New Neighborhood Leaders for Milwaukee

A partnership of Cardinal Stritch and local foundations is training leaders to improve city neighborhoods.

By , Milwaukee Neighborhood News Service - Mar 14th, 2013 12:38 pm
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Neighborhood Leadership institute participants Bregetta Wilson, Duril White, Cindy Thompson, Tanya Fonseca, and Dwight Williamson meet with Dr. Jeanette Mitchell (right). (Photo by Crystal Ellis)

Neighborhood Leadership institute participants Bregetta Wilson, Duril White, Cindy Thompson, Sara Bauer, and Dwight Williamson meet with Dr. Jeanette Mitchell (right). (Photo by Crystal Ellis)

Since January, 26 participants in the Neighborhood Leadership Institute at Cardinal Stritch University Leadership Center have been meeting to develop their leadership skills on two Thursdays and one Saturday each month.

“We had found, from looking at other neighborhood issues, foundations invested in projects—but how many people invest in the leadership, in the people in their neighborhoods and their capacity?” said Jeanette Mitchell, Stritch director of leadership for professionals of color.

Participants entered the program as 13 teams of two, each consisting of a neighborhood resident and an employee of a nonprofit serving the neighborhood. According to Stritch, this structure aims at “building capacity within neighborhoods, and also getting nonprofits invested in it.”

Originally planned for 20 participants, the program was expanded during the application process due to high demand.

The Neighborhood Leadership Institute is a partnership among Stritch and the Greater Milwaukee Foundation, Zilber Family Foundation, Northwestern Mutual Foundation, LISC Milwaukee and United Neighborhood Centers of Milwaukee.

Jeanette Wight-Claus and Beth Bellante discuss materials at a Neighborhood Leadership Institute session. (Photo by Crystal Ellis)

Jeanette Wight-Claus and Beth Bellante discuss materials at a Neighborhood Leadership Institute session. (Photo by Crystal Ellis)

Each month, the Saturday session takes place in a different neighborhood, allowing one team to showcase the work occurring in its community. The team leads the session, planned around a predetermined topic. The February Saturday session, held in Layton Boulevard West, focused on change. Mitchell said some neighborhoods, such as Martin Drive and Washington Park, may choose to host their Saturday session together.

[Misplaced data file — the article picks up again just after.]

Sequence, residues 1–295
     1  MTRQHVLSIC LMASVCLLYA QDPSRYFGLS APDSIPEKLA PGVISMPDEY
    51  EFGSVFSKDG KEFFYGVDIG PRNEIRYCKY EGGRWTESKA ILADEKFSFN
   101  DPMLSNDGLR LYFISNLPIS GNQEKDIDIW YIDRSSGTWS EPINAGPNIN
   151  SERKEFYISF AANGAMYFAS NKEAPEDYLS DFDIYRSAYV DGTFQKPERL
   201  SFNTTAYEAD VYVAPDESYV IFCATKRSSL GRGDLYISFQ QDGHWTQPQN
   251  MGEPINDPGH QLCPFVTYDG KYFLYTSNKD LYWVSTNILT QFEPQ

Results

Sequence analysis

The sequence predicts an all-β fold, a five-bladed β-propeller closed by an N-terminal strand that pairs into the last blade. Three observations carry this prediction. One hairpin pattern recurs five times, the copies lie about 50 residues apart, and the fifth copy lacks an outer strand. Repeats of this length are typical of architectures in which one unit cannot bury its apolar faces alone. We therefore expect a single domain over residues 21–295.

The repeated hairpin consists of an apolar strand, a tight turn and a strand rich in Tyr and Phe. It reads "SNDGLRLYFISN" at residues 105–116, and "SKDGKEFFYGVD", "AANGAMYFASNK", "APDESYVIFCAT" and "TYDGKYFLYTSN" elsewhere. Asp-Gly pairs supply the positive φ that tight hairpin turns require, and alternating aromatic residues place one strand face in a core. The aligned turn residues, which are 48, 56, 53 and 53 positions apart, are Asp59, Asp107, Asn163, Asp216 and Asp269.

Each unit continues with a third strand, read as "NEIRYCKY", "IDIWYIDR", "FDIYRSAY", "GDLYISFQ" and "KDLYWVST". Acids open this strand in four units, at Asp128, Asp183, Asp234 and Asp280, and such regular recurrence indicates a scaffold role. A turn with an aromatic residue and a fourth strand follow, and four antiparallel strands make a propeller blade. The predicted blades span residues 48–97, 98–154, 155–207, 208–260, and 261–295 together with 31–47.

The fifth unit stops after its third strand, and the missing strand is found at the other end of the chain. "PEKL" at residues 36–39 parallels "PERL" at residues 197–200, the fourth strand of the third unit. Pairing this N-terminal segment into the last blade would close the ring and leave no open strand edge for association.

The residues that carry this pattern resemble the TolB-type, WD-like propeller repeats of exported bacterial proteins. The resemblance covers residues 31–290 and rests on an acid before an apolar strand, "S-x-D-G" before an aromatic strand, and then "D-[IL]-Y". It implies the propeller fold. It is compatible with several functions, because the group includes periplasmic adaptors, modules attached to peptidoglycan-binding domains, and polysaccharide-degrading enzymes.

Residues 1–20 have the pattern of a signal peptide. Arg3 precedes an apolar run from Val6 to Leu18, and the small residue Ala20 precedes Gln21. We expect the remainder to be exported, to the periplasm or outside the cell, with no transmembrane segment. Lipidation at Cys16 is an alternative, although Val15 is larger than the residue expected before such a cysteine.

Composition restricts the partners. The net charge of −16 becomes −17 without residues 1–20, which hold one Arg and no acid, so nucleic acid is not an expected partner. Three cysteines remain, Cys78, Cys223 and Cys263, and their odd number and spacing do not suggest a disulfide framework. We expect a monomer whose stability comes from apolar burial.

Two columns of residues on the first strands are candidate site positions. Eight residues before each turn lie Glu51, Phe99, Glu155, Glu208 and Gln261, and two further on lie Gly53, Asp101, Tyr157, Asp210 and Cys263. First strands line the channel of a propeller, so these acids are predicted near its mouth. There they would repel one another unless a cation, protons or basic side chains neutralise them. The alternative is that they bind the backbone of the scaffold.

According to Mitchell, the next phase is helping participants examine how they have achieved success when working in their communities, to identify best practices for neighborhood leadership.

“Seldom do we look at ‘What steps did I take,’” said Mitchell. “In addition, we’re going to look at: What are your values [as a leader]? Why were you willing to step in?”

Rosalind Cox, a neighborhood leader from Washington Park, said she decided to participate in the Neighborhood Leadership Institute in an effort to continuously educate herself. She said all of the information presented in program sessions so far has been helpful.

“[In sessions] sometimes you think you know everything, but then suddenly, it’s like, ‘I’ve learned something,’” Cox said.

Later in the program participant teams will work on projects related directly to their neighborhoods. According to Mitchell, the participants’ ideas will drive the projects. “What we know is, for you to be successful, you have to have something you care about,” she said.

For Cox, that means focusing on the future of her community. “Mostly I’m looking at our young people in the neighborhood,” said Cox. “I want to be able to use what I’ve learned to empower them so they’ll know what to do with their future.… I want to be able to show them something.”

Maria Miramontes, a representative of the Layton Boulevard West neighborhood, hopes the training will help her work with new people more easily, and allow her to offer information to her neighbors without doubting herself. “It’s an opportunity to develop as a leader—that’s something I wanted, but didn’t have confidence to do,” said Miramontes.

“Sometimes you just don’t know your capacity until someone tells you,” said Miramontes. “Through this class, we can make sure we do it right.”

Patrick Carter, who is Miramontes’ partner from the Layton Boulevard West neighborhood, is a representative from Carmen High School of Science and Technology. He said participating in the program has been a significant time commitment so far, but the information gained is worth the effort.

Carter said he hopes to take information from the NLI back to work, and take the skills he is practicing back to the community.

According to Mitchell, though the participants were already strong leaders in their neighborhoods, “even some participants from the same neighborhood didn’t know each other.” By making connections among leaders, organizations and communities, the program will work toward a “collective impact,” Mitchell said.

“We will start to build a camaraderie and network of people who understand each other and speak the same language.”

This story was originally published by Milwaukee Neighborhood News Service, where you can find other stories reporting on fifteen city neighborhoods in Milwaukee.

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